Staff received an induction and had received suitable training with a staff member dedicated to monitor this. Staff supervisions and appraisals had been undertaken although we have made a recommendation to the provider in connection with this. Staff told us they felt supported by the manager and senior staff. Meeting for staff had taken place but not regularly, we therefore made a recommendation regarding this.

People were supported by staff to maintain a well-balanced, healthy diet and their comments were positive about the food and refreshments they received. We have however, made a recommendation that the provider incorporates the use of various menu formats to support people during meal experiences.

We observed staff respected people, and their privacy and dignity was maintained. Staff displayed caring and kind attitudes and treated people as individuals. We saw staff offered people choi

Inspection areas



Updated 18 October 2017

The service was safe.

People told us they felt safe living at the service and relatives confirmed this. The registered manager and staff displayed a good understanding of safeguarding people from harm.

Medicines were managed well and people received theirs in an appropriate and timely manner.

Staff were recruited safely and there was enough staff employed to meet the needs of people who lived at the service.



Updated 18 October 2017

The service was effective.

Staff received training relevant to their role and was regularly updated. Staff were inducted, supervised and monitored and competency checks were carried out by senior staff.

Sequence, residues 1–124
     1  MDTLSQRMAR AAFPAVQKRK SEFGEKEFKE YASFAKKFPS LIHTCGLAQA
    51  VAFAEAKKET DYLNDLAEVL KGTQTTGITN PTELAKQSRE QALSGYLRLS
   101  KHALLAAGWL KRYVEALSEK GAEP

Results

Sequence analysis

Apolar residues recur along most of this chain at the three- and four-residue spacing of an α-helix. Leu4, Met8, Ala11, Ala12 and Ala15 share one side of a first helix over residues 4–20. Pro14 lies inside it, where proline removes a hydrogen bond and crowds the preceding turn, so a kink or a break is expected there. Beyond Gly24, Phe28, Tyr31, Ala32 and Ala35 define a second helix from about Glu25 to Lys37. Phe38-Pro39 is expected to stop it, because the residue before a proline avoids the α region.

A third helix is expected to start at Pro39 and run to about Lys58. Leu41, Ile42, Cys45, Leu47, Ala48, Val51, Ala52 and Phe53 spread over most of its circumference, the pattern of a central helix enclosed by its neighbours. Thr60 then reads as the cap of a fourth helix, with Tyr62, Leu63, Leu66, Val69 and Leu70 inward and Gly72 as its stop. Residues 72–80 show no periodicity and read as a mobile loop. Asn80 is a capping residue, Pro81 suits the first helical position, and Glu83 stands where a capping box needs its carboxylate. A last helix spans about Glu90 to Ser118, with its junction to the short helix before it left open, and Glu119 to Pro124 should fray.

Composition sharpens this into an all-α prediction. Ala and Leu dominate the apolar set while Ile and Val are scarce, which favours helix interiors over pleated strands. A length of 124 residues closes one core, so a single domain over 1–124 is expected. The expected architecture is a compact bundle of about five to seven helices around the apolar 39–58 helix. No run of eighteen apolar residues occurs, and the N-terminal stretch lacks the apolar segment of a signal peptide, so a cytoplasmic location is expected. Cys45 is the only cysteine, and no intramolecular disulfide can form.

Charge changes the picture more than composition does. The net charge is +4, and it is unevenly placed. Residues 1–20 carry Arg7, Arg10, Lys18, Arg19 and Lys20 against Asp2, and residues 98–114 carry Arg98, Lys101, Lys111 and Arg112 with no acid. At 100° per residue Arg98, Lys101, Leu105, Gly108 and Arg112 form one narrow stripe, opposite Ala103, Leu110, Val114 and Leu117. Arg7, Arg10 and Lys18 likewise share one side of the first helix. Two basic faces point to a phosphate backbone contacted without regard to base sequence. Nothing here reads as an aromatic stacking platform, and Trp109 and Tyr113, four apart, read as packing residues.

People were supported to maintain healthy nutrition in line with their dietary needs.

People�s consent was sought. The provider followed the law in relation to the Mental Capacity Act 2005.

External healthcare professionals were involved with people�s care as required.



Updated 18 October 2017

The service was caring.

Staff displayed positive and caring attitudes and interacted well with people. Staff knew people well, including their backgrounds.

Staff involved people in making decisions about their care and support where they could.

Staff had an understanding of equality and diversity and treated people with dignity and respect.



Updated 18 October 2017

The service was responsive.

Care records were person-centred and documented how staff were to meet people�s individual needs.

Activities took place and the service continued to develop the programme to ensure they meet the needs of everyone.

There was a complaints procedure in place and people told us they knew how to complain if they needed to.



Updated 18 October 2017

The service was well-led.

The service had a homely atmosphere. Staff told us they felt supported by the registered manager.

We saw that people who used the service were consulted to obtain feedback.

Audits and checks were carried out to ensure people received appropriate care and support.

The registered manager had improved governance. Records were kept to monitor the quality and safety of the service.